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nity upon a firm and immoveable foundation,

they could be at any time after ; and yet the event did not answer these expectations. When the Apostles entered upon their ministry, they set out (without any nonconformist that appears) upon these two principles, which may be considered, if not as the foundation, yet, at least, as corner-stones in the Christian building; viz. First, that Christianity is a supplement to Judaism, and therefore was to be grafted upon it ; the doctrine of Christ's having abolished the law of ceremonies and nailed them to his cross having then not been beard, or so much as thought of. This principle seems to have stood firm and unshaken till St. Paul's conversion, who, after he became a Christian, opposed it greatly; which oppofition does not appear to have arisen from any special revelation St. Paul had received for abolishing the aforesaid law, but from the nature of the thing itself, as it obviously appeared to be a law of carnal commandments, which carried with them such a yoke of bondage as was unbearable, and therefore ought to be abolished ; and that this was St. Paul's sense of the matter, is most evident from his writings. Secondly, that the Gospel was a G 3

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favour which was to be vouchsafed to the Fews only; and therefore, to them only it was to be preached. This principle the Apostles seem to have been naturally and unavoidably led into from the declaration of their master, viz. that he was not sent but unto the loft seep of the house of Israel, Mat. xv. 24. And from the charge given them, when they were first sent forth to preach, viz. not to go to the Gentiles, nor Samaritans, but rather to the lost sheep of the house of Israel, Mat. X. 5, 6. And that the Apostles, in the exercise of their ministry, in time to come, would be concerned with the Jews only, seems to have been set forth in what Christ foretold should take place when his kingdom should come, which he had required them to pray for, Matt. xix, 28. And Jesus said unto them, verily I say unto you, that ye which have followed me in the regeneration, when the fon of man skall fit in the throne of his glory, ye also pall fit upon twelve thrones, judging the twelve tribes of Israel. Luke xxii. 28, 29, 30, Ye are they which have continued with ine in my temptations, and I appoint unto you a kingdom, as my father hath appointed unto me : that ye may eat and drink at my table in my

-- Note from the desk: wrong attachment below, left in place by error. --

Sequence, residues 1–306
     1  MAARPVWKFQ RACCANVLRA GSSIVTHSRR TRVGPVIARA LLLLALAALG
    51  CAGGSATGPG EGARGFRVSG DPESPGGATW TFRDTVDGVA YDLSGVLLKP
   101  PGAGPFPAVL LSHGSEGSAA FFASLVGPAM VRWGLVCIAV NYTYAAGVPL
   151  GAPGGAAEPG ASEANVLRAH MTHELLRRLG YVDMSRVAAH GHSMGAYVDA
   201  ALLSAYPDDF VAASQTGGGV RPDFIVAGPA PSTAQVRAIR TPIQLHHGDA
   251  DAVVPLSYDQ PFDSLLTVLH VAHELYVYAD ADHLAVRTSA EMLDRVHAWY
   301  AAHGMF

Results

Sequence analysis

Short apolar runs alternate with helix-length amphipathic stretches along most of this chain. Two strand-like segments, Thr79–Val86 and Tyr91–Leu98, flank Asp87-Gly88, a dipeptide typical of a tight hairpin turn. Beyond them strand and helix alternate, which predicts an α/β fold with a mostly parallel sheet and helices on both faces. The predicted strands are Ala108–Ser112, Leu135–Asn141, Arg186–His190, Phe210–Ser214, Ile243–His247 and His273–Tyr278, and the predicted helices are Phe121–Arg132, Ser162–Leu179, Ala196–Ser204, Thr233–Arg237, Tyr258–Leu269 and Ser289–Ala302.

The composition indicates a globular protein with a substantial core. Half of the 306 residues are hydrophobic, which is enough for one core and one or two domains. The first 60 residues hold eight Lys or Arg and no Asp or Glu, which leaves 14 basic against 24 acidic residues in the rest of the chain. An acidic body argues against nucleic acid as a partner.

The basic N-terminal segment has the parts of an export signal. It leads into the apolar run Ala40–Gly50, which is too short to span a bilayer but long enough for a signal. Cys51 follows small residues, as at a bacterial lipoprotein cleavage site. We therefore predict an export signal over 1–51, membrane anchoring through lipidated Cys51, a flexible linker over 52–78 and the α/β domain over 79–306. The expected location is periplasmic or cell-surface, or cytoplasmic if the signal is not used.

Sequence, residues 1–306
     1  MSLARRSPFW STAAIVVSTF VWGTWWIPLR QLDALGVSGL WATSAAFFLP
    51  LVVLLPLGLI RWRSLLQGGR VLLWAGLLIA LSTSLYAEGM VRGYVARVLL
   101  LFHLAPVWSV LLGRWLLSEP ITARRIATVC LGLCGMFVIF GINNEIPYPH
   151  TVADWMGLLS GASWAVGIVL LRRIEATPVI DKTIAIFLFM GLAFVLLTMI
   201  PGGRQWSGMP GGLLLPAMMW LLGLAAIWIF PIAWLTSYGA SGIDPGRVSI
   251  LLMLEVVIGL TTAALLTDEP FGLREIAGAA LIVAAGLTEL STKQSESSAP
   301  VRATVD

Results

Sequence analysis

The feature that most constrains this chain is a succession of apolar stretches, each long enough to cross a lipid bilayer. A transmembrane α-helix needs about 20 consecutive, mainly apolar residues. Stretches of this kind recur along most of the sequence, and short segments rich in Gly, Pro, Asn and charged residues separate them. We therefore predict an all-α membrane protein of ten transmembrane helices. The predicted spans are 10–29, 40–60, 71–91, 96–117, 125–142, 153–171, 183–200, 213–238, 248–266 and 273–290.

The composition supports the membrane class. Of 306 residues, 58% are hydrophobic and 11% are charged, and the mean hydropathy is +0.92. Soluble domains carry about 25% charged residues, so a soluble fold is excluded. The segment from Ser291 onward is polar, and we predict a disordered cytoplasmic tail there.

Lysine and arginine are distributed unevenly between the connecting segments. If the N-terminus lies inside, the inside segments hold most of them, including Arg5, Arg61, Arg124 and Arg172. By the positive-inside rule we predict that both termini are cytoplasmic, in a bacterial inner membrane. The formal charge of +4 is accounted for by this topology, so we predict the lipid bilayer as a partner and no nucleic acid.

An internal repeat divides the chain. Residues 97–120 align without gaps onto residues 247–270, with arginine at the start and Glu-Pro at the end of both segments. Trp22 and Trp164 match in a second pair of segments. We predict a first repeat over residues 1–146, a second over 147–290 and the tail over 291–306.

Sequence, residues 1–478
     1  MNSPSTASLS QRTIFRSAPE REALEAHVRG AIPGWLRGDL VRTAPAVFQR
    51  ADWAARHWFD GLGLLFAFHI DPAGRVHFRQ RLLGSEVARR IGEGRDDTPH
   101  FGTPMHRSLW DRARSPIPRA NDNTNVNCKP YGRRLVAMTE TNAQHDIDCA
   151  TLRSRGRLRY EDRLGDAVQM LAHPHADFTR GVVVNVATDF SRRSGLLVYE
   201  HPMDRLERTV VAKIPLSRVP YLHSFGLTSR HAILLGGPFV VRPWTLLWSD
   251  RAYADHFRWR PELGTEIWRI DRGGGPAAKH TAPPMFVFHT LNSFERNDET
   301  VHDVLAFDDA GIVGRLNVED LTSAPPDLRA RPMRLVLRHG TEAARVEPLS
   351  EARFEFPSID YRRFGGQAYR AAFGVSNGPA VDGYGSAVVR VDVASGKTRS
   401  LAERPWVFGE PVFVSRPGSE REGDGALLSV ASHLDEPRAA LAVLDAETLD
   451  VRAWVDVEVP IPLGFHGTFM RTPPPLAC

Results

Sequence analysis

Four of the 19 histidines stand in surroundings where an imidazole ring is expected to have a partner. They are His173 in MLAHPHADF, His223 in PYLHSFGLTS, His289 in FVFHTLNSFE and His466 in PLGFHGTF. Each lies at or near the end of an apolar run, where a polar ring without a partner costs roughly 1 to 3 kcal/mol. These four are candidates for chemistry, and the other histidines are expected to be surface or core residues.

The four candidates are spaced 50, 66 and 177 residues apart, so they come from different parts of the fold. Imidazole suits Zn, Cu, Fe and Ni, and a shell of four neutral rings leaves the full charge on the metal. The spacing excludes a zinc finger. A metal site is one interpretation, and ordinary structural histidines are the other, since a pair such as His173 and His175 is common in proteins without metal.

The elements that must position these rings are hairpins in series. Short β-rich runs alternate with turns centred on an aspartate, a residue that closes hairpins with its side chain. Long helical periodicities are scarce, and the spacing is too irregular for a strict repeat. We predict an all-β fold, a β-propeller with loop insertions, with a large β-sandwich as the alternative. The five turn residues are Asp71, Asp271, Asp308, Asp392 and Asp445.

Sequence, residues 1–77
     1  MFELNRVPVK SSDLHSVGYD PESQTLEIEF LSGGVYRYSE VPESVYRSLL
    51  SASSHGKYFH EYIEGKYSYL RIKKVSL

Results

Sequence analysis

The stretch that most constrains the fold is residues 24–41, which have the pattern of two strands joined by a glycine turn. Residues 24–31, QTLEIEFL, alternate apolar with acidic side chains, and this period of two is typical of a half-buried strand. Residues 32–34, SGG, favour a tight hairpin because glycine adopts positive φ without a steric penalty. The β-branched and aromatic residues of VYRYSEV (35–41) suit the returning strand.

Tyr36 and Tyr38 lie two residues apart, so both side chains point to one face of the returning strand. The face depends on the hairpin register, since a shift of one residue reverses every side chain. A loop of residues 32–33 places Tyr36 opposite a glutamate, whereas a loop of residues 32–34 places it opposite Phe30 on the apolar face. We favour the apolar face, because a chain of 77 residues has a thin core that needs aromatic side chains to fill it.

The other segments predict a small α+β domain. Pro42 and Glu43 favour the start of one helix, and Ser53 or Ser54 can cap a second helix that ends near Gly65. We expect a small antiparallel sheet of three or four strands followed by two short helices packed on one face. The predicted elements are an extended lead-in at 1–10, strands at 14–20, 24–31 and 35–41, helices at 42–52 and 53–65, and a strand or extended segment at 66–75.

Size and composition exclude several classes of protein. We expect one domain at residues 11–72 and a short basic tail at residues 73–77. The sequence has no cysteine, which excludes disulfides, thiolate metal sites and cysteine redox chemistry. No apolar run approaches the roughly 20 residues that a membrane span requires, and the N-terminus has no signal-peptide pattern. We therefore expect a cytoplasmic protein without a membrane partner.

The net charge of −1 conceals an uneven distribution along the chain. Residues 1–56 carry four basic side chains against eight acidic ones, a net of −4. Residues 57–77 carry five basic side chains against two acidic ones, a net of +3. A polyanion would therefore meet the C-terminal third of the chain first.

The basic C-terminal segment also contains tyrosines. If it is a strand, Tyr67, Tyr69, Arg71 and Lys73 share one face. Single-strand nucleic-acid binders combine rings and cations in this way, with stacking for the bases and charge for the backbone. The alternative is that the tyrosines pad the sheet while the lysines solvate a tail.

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kingdom, and fit' on thrones, judging the twelve tribes of Israel. From all these declarations, it was very natural for the apostles to conclude that Christ's kingdom, whether it was to be spiritual or temporal, was confined to the Jews, and that they, as his ministers, were to be concerned only with the twelve tribes of Israel : And therefore, when Christ